How to Keep Your Windshield Wipers Working Properly

How to Keep Your Windshield Wipers Working Properly

windshield wipers

Your wipers are so deeply important in fall and winter. They will help ensure that rain, snow and leaves do not obscure your view. All you need to do is flick a switch and adjust the speed and timing. Some wipers have sensors to detect when they need to activate and how fast. Today on ShopTalk we’re discussing how this now standard feature actually works.

How Windshield Wipers Work

examining wipers

It goes beyond there simply being a metal arm that activated by an electric motor. Instead what happens is that your wipers are controlled by “wiper transmissions.” Wiper transmissions are a system of intricate linkages that work in tandem with the single-direction rotation of a small electric motor. That is how you get the simple back and forth motion of wiper arms. The arms, as you can tell, are connected to the rubber “blades” that squeegee water and sometimes grime from the windshield.

The most important mechanism for the wiper transmission is the worm gear. The worm gear is the output shaft of the electric motor. It is actually the worm gear that does the spinning. A unique gear mesh gives the electric motor enough torque to get the worm gear to spin. You can find the worm gear at the bottom of your wiper motor’s casing.

The worm gear shaft also has a small metal link bolted to it. That means when the worm gear spins the ring gear, the ring gear’s shaft rotates in kind. Together this creates an effect similar to a propeller blade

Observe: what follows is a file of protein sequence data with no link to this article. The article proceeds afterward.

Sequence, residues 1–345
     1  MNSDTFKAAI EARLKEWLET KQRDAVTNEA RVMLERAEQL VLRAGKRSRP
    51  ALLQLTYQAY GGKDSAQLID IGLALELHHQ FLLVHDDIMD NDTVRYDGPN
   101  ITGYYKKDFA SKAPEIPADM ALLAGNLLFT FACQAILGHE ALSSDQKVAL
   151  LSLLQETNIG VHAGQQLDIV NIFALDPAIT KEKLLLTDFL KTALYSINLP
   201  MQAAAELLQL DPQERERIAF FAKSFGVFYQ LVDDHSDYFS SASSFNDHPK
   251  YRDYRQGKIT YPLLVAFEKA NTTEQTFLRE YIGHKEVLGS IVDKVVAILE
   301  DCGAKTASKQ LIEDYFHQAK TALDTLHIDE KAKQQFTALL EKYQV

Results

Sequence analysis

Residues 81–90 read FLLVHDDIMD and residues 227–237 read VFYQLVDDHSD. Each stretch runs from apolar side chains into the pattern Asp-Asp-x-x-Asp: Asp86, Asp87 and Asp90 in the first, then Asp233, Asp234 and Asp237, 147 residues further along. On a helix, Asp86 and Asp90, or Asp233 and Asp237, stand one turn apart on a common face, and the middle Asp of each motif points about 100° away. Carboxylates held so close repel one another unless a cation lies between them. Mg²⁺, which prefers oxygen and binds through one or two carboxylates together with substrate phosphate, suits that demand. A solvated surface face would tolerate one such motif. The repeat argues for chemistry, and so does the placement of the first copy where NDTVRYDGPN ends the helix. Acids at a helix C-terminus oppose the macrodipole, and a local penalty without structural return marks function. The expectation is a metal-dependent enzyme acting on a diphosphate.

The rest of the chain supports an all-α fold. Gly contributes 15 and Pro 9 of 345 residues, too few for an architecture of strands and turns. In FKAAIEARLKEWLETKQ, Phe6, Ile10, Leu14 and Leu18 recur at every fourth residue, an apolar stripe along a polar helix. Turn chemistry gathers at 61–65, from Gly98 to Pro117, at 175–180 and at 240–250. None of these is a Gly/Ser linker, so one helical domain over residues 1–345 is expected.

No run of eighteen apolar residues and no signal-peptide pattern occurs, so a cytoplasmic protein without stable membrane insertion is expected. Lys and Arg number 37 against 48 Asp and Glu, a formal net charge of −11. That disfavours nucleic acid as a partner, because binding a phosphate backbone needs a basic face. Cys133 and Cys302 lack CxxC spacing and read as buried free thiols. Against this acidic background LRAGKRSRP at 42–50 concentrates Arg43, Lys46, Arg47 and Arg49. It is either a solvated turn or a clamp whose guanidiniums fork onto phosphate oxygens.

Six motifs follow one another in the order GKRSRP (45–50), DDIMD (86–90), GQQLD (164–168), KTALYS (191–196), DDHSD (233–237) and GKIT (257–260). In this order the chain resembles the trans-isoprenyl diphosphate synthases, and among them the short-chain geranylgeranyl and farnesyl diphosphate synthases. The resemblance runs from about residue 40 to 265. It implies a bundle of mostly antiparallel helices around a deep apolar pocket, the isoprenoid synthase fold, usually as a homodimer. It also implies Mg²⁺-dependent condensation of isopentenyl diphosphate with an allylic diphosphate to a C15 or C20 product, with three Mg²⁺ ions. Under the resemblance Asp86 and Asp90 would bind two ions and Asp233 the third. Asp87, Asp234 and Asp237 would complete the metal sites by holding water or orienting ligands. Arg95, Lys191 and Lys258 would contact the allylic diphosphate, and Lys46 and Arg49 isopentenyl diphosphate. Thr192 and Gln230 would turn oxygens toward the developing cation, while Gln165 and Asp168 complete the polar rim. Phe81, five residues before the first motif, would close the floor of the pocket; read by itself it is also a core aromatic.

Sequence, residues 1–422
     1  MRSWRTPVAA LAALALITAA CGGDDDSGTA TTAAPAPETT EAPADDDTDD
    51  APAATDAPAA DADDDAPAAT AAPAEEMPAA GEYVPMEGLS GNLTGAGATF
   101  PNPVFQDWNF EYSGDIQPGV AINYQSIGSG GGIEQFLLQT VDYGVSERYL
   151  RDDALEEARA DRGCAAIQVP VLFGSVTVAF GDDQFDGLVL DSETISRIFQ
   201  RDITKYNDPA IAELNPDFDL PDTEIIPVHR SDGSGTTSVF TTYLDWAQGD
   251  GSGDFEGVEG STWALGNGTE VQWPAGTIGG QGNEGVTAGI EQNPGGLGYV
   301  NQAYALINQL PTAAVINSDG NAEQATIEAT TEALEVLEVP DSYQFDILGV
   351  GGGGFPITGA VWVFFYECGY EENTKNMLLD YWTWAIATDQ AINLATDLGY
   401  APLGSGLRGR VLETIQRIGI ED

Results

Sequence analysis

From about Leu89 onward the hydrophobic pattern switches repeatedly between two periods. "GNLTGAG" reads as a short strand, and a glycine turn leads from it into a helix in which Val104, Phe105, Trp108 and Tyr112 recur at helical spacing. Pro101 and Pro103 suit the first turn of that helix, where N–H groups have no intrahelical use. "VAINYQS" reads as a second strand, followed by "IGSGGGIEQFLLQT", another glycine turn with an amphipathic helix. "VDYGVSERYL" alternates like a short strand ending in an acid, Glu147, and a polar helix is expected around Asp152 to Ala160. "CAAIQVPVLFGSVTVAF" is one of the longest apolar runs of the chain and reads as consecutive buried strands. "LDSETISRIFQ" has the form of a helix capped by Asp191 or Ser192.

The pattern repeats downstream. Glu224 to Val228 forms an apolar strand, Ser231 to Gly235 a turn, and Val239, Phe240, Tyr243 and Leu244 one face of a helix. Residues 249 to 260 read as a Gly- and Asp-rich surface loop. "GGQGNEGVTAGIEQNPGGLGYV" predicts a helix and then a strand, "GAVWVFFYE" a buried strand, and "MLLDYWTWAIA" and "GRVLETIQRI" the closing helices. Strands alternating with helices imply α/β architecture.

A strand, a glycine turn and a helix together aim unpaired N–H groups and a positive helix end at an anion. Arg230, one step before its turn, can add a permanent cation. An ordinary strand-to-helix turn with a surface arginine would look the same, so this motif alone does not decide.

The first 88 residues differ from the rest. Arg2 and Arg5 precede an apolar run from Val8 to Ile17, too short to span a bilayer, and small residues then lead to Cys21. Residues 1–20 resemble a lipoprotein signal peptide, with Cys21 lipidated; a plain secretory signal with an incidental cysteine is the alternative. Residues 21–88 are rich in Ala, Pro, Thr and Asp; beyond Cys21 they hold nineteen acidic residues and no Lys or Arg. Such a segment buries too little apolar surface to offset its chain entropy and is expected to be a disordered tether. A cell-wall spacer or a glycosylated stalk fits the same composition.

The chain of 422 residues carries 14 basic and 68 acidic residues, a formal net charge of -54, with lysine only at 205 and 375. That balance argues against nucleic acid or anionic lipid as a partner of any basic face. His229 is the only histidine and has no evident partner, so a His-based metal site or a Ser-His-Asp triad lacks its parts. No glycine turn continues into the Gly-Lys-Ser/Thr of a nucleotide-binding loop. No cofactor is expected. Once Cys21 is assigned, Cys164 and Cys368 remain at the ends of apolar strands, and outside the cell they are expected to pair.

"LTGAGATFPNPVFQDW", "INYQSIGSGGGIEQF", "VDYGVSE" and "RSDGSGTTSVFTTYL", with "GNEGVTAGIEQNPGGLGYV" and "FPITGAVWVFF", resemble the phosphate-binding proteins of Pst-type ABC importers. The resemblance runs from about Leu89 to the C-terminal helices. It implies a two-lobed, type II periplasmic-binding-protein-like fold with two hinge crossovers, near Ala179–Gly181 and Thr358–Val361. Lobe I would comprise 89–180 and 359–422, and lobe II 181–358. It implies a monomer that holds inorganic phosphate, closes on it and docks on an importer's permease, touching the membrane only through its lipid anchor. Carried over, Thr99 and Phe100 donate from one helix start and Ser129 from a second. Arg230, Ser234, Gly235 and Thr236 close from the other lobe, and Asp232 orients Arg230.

Okay that propeller-like system is connected to a rod attached to a pin or revolute joint. It’s also known as a One Degree Of Freedom-joint. What that does is limit the energy transfer rod in any direction. It keeps the rotation to a single axis. These make for a push and pull system. That is where the left and right movement comes from. The main take away from this system is that is that if you leave the rotations limited, that keeps the wipers moving only to where they are supposed to.

Different Styles and Modes of Windshield Wipers

wiper control

Most wipers have a pivot-style mechanism. It is the simplest solution but it can be large and heavy depending on the make and model of your vehicle.  How this is manufactured also depends on whether or not this car is for a right or left hand drive market. That point is important because the direction of the blades have to flip.

Another wiper setup is the opposed style wiper system. In this, the wiper arms pivot over shafts located in the lower corners of the windshield. This setup is particularly good for better coverage over the windshields and even the corners. This setup is also good for both right hand and left hand drive markets as they don’t need to be flipped accordingly. The only downside is that they are notoriously clunky, complex and expensive to produce.

Lastly there’s German cars, like the ones from Mercedes that uses a mono-arm wiper transmission. It is a small and minimalist setup that cleans large areas of the glass. The way that works is the blade actually extends and retracts towards the corners as it wipes across the windshield.  This system can easily be adjusted for all markets but it is even more expensive and complex than either the opposed or pivot systems.

It ultimately does not matter what setup an automaker prefers. In the end what matters is they work and now you know *how.* Stay tuned for more inside looks at your vehicle’s components on ShopTalk.

A Vehicle Service Contract (VSC) is often referred to as an “auto warranty” or an “extended car warranty,” but it is not a warranty. A VSC does, however, provide repair coverage for your vehicle after the manufacturer’s car warranty expires. A VSC is a contract between you and a VSC provider or administrator that states what is a covered repair and what is not. Not all vehicles qualify for coverage; Endurance does not offer VSCs in California.